Hospitalist programs add a new dimension to health care

By Krista Brick
Special to The News-Post

OLNEY — Dr. Gloria Grover wanted to have a life, not just a career as a doctor of obstetrics and gynecology. A new program at Montgomery General Hospital in Olney is helping her find that important balance between work and a personal life.

Grover had a private Ob/Gyn practice in Northern Virginia, including two offices.

“I never got home. I was stressed all the time. I was looking for something where I could have a life and a family,” she said.

She found that compromise working as an Ob/Gyn hospitalist. Montgomery General is one of a growing trend of hospitals using hospitalist programs in different specialties to provide safe care for patients while helping physicians maintain a healthy balance of career and family. Shady Grove Adventist Hospital in Rockville also uses the same type of program.

The OB hospitalist program works by having a dedicated OB physician on-site at the hospital to care for all unassigned OB patients who come to the hospital and also to assist private OB doctors with their patients. The patient benefit is access to a board certified Ob/Gyn upon arrival at the hospital instead of waiting for an on-call physician to arrive.

For the Ob/Gyns in private practice, those doctors can wait longer to attend to their patient who has come in to deliver, knowing an Ob/Gyn hospitalist is in direct communication with them and will alert the private physician when the patient is ready to deliver. They also will no longer be called in to care for patients who are not their own.

“The nice thing about it is that you are fresh and ready for the patients. In private practice you never know when your day will end and you are oftentimes exhausted,” Grover said.

Grover serves as the interim medical director for the OB hospitalist program at the Maternal Newborn Center at Montgomery General, overseeing three full-time and four part-time hospitalists. She said she no longer has to deal with insurance companies and the paperwork that comes with that.

“It’s nice to care for patients without having to do the paperwork. This is a lifestyle issue for me,” she said.

Dr. Daniela Meshkat, an OB hospitalist with Montgomery General, said this program has provided her with more flexibility and relieved the stress of dealing with insurance companies.

“I know ahead of time the hours I will be working, I don’t have to deal with the insurance companies and I receive fair compensation for my work. This type of dedicated program is beginning to evolve around the country and more Ob/Gyns are choosing it. I especially see this appealing to female Ob/Gyns with children,” she said.

Montgomery General launched the OB hospitalist program in April after local doctors approached hospital administration with the concept. The hospital already has an internal medicine and a pediatric hospitalist program in place.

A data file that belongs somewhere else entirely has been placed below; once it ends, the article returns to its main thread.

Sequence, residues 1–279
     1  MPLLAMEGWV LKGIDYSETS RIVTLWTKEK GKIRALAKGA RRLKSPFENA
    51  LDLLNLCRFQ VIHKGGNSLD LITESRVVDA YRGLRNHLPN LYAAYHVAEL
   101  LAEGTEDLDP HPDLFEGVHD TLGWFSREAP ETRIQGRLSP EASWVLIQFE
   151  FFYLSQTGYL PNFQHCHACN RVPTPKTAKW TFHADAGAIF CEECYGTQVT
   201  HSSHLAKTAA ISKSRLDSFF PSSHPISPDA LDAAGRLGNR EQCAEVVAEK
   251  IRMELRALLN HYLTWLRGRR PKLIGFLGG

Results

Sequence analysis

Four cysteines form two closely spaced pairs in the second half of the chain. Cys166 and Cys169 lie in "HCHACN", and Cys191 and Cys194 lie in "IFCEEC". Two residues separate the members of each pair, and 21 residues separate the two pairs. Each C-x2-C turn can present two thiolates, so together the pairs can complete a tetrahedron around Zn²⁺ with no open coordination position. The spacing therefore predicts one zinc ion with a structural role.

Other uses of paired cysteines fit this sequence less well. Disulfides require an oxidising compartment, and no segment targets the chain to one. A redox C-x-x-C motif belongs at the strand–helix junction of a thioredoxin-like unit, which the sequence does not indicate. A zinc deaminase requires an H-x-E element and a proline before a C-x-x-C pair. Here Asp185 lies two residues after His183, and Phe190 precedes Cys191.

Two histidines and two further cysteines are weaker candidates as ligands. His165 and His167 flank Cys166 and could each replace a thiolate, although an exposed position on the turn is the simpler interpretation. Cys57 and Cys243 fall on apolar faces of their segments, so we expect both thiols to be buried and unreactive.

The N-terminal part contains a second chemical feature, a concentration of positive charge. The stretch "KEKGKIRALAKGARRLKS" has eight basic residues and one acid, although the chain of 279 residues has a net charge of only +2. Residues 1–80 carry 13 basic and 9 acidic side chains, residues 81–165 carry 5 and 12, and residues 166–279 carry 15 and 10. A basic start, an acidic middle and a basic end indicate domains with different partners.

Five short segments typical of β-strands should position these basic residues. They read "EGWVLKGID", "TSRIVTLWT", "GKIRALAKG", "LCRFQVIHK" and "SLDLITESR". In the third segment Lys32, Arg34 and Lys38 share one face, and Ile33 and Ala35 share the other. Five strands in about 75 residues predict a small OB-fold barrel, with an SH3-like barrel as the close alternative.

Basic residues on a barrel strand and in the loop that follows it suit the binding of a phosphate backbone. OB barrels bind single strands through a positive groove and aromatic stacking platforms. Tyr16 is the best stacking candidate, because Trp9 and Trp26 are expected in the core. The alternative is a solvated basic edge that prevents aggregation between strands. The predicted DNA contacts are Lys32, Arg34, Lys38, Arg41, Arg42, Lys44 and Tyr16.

“For us it has been a great physician pleaser and satisfier,” said Lynne Myers, vice president for corporate strategy and professional services for Montgomery General.

And that is important. In Maryland, insurance, malpractice and lifestyle issues have forced nearly 25 percent of the state’s 700 practicing Ob/Gyns out of obstetrics, according to the American College of Obstetrics and Gynecologists. ACOG also lists Maryland as one of the 23 states experiencing a crisis where Ob/Gyns are closing their doors, limiting services or retiring early.

“Our hope is that by creating programs like the hospitalist program and making a safer environment for nurses and doctors to practice in, and patients to be treated in, makes hospitals more attractive to new physicians,” said Dr. Raymond Cox, chairman of the Maryland chapter of ACOG and chairman of the Ob/Gyn department at St. Agnes Hospital in Baltimore.

In addition to the lifestyle challenges, OB physicians also face skyrocketing malpractice rates and low insurance reimbursement rates.

“We need to make sure insurance payment for women’s services is similar to payment for services given to men,” Cox said.

At Shady Grove Hospital, OB hospitalists have been caring for patients for two years. The OB hospitalist program joins many other similar programs at the hospital, including surgical hospitalists.

“Prior to this program, we were dependent on the OB coming in. This is a better system,” said Dr. Gaurov Dayal, chief medical officer at Shady Grove.

Montgomery General uses an outside company that employs the hospitalists. Shady Grove’s hospitalists are part of the staff. While Frederick Memorial Hospital does not have a dedicated team of OB hospitalists, OB doctors rotate on 12-hour call shifts to handle mostly urgent and emergency patients who arrive at the hospital, according to hospital spokesman Harry Grandinett.

“The stipend each OB receives for the 12-hour on-call rotation coverage is additional income they are able to use to help cover the cost of their malpractice insurance,” he said.
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